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ON HAWKER: Kaya Toast

ON HAWKER is our ongoing research project on Singapore’s hawker culture. We explore essential dishes from this city’s culinary tradition and investigate their international influences.

You cannot talk about iconic Singapore breakfasts without talking about the Breakfast Set: kaya toast accompanied by two soft-boiled eggs and a cup of Kopi O. From Ya Kun Kaya Toast to Killiney, its legacy in Singapore is longstanding. But the question remains: who brought kaya, and from where?

Kaya jam is the product of a labour of love: eggs and sugar are mixed with coconut and pandan, after which the entire mixture is slow cooked and stirred until it reaches its desired consistency.1

The tradition of mixing sugar with eggs comes from the nunneries of Portugal. Journalist Janet Boileau, in her PhD thesis on Luso-Asian cuisine, highlights that egg whites were believed to be harmful, and that medieval Portuguese discovered egg yolks were best preserved when cooked with sugar.2

Here, she indicates the presence of minor Arab influence, too. They introduced cane sugar to Portugal during the invasions of the Umayyad Empire in the 9th century. Boileau also speaks of the nuns’ “traditional expertise in sweet making”.3 A famous egg-yolk and sugar-based dessert that emerged from these nunneries is known as ovos moles.4

The Portuguese colonisation of Malacca in 1511 may have resulted in the knowledge sharing of mixing eggs with sugar. In due time, it was combined with ingredients local to Malaysia and Indonesia— like pandan and coconut— to create the kaya we know today.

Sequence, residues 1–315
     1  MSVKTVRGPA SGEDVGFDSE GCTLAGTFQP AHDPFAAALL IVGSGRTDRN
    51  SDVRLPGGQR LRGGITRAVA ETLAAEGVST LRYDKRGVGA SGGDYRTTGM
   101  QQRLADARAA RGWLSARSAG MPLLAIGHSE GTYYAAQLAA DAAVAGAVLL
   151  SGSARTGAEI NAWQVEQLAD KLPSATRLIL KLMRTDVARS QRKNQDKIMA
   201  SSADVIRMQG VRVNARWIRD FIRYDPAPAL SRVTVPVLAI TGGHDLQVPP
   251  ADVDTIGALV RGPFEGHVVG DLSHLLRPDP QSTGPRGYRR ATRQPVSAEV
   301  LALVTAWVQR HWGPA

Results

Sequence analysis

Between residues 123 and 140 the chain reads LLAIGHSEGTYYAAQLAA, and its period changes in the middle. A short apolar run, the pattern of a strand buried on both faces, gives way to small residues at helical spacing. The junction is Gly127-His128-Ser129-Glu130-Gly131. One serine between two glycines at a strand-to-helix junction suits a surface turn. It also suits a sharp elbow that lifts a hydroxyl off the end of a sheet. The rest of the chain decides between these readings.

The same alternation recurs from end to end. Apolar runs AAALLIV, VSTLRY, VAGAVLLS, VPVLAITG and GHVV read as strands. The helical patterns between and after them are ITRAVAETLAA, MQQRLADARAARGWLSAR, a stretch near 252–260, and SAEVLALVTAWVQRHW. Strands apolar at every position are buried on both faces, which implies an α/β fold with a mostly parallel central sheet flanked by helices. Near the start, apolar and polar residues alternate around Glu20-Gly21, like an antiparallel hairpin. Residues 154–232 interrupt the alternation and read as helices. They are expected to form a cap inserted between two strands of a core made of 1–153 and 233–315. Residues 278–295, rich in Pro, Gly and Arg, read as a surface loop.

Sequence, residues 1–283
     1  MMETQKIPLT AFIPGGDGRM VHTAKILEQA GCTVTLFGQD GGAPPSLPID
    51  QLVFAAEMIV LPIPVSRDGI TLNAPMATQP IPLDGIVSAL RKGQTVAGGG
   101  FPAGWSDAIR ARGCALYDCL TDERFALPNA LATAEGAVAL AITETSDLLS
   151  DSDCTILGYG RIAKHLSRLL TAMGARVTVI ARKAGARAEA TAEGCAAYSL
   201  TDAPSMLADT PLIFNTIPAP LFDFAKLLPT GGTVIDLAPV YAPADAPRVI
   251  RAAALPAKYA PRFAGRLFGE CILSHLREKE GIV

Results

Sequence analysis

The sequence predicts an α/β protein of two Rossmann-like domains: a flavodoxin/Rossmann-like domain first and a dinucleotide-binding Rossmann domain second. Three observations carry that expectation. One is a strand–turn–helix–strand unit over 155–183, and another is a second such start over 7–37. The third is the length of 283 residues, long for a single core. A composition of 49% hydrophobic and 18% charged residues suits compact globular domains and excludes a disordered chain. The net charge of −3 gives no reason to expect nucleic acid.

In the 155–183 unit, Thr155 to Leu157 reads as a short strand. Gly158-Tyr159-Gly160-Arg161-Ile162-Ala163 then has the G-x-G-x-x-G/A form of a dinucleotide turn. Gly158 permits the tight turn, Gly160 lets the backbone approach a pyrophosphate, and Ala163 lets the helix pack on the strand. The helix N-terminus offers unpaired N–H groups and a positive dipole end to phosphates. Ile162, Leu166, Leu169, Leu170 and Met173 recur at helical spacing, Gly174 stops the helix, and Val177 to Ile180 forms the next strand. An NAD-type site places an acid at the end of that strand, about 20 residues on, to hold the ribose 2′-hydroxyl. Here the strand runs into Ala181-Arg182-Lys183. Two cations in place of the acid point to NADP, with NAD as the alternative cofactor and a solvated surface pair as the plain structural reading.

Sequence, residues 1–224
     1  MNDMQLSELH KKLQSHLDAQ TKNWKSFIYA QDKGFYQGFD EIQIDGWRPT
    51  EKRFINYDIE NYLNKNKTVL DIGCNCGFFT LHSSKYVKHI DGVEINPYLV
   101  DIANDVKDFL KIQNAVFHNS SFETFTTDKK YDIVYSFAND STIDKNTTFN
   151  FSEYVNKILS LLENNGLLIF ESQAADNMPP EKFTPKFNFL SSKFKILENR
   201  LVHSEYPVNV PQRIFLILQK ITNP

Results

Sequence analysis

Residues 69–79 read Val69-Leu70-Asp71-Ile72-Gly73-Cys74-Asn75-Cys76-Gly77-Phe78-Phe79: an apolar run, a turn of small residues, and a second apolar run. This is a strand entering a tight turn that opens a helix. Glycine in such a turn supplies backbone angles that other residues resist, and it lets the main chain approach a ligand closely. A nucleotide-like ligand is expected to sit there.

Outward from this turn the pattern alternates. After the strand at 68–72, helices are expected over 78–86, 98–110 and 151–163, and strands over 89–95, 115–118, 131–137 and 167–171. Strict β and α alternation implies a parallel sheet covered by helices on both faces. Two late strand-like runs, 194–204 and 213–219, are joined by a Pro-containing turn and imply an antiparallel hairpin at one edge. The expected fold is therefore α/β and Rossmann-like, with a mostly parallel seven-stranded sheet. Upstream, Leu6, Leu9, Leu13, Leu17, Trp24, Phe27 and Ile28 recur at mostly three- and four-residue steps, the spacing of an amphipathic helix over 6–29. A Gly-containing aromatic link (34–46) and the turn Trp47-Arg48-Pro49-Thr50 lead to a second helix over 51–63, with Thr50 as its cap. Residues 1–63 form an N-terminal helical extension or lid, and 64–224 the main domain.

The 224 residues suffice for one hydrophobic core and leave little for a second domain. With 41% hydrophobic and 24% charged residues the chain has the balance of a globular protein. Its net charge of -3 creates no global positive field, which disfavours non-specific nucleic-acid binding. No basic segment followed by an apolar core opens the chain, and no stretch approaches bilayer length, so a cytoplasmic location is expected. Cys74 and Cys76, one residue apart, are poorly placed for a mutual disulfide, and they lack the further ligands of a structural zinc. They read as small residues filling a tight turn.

Capture of Malacca (1511) - Wikipedia

Its arrival in Singapore follows a Hainanese immigrant, Loi Ah Koon, who is widely recognised as the founder of Ya Kun Kaya Toast, the first coffeeshop in Singapore to sell kaya toast along with soft boiled eggs and coffee.5

This point was corroborated by local practitioner Byron Soh, whom we interviewed in our efforts to understand more about kaya in Singapore. Byron, who until recently owned his own chain of cafes that sold kaya, added that it is possible to learn how to make kaya in a day (like he did), and that these recipes are usually passed down different generations through word of mouth. 

Coffee, too, has an interesting history in Singapore. When various immigrant cultures began to “intermingle” after a flood of immigration in the late 18th century, “the European love of coffee met Malaysian taste buds and kopi was born”.6

Robusta beans that were used in European coffee were replaced with Arabica beans because they grew better in Southeast Asian climate.7 Without proper brewing appliances, local coffee shops used and still use the “sock filter”, which facilitated the creation of the potent Kopi O that coffee shop uncles and aunties pour into cups in every shop.8


Annotated Bibliography

Boileau, 2010. “A culinary history of the Portuguese Eurasians: The origins of Luso-Asian cuisine in the sixteenth and seventeenth centuries”. 

Janet P. Boileau is the CEO of Taste and Travel Publishing International, Inc., which launched the Taste & Travel food magazine in March 2011. Boileau herself holds a Ph. D. in history from the University of Adelaide, which we refer to heavily in our studies involving Portuguese influence. 

Zienchuk, 2013. Epicure & Culture. “An Introduction to Singaporean Kopi Culture”. Source:

Epicure and Culture is an online magazine dedicated to immersive culinary experiences and responsible tourism. The stories that they commit to are meant to be as complete as possible, drawing from narratives from local experts and laypeople alike.


Written by Arjun Jayaraman.


1Rasa Malaysia. “Kaya (Malaysian Coconut Egg Jam)”. Source: 

2Boileau, 2010. “A Culinary History of the Portuguese Eurasians: The Origins of Luso-Asian Cuisine in the Sixteenth and Seventheeth Centuries”.


4Center of Portugal. ““Ovos Moles” of Aveiro”. Source:

5Ya Kun. “The Ya Kun Story”. Source:

6Zienchuk, 2013. Epicure & Culture. “An Introduction to Singaporean Kopi Culture”. Source: